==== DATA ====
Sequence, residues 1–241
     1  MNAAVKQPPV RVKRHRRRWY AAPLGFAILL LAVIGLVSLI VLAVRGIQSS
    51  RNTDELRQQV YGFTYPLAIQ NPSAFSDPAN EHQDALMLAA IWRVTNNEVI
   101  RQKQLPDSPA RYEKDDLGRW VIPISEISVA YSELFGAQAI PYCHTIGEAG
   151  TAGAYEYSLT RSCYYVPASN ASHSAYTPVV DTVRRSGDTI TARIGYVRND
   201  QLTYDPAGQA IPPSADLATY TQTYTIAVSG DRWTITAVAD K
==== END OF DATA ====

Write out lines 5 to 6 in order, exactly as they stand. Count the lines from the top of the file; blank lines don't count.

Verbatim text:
   151  TAGAYEYSLT RSCYYVPASN ASHSAYTPVV DTVRRSGDTI TARIGYVRND
   201  QLTYDPAGQA IPPSADLATY TQTYTIAVSG DRWTITAVAD K